To start with, if you look around the sky, it looks reasonably stable and static. It doesn’t look like it’s going anywhere, right? So, people initially tried various ways to construct cosmologies in which they can be kind of stable and static. To do that, you’ve got to poise the universe exactly between an expanding phase and a shrinking phase. You need balance these tendencies. For example, you can give the universal an initial outward push, like a Big Bang, but gravity will try to pull everything back together. How the push and pull compete depends on the amount of kind of energy distributed in the cosmos: regular matter like the stuff that makes stars, pure energy like light, dark matter which does not make stars, and so-called dark energy which can either push the fabric of spacetime apart or try to pull it together. So theoretical physicists tried to figure out whether the laws of gravity, along with these kinds of energy, could explain the apparently static structure of observed universe.

And then a series of astronomical measurements, notably by Edwin Hubble, showed definitively that despite initial appearances, the universe on large scales is not stable and static.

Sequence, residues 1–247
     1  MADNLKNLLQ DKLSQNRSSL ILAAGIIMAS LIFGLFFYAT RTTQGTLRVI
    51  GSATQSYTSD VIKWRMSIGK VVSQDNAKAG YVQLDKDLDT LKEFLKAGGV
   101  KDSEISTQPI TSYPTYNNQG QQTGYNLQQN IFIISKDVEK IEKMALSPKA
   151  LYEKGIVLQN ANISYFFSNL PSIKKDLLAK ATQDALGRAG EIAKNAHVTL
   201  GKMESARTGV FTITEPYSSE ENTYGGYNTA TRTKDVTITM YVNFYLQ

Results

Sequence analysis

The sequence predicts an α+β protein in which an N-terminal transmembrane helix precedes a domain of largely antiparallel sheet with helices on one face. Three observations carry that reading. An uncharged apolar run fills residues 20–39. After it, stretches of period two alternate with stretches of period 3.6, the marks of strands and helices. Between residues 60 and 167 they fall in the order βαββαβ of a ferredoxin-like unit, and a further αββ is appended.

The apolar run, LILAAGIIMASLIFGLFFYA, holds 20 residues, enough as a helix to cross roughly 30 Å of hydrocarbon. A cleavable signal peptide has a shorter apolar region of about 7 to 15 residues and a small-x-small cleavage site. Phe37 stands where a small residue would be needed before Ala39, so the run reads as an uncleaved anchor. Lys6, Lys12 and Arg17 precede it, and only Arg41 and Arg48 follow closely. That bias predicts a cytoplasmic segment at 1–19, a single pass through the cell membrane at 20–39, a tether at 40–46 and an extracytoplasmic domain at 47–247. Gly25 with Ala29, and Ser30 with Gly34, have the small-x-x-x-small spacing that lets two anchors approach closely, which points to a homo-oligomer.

Rather, all the stars and galaxies, as observed now, seem to be spreading apart from each other, as if they are embedded in a space-time fabric that is stretching wider as time passes.


In physical cosmology, cosmic inflation, cosmological inflation is a theory of exponential expansion of space in the early universe. The inflationary epoch lasted from 10^−36 seconds after the conjectured Big Bang singularity to some time between 10^−33 and 10^−32 seconds after the singularity. Following the inflationary period, the universe continued to expand, but at a slower rate. The acceleration of this expansion due to dark energy began after the universe was already over 7.7 billion years old (5.4 billion years ago).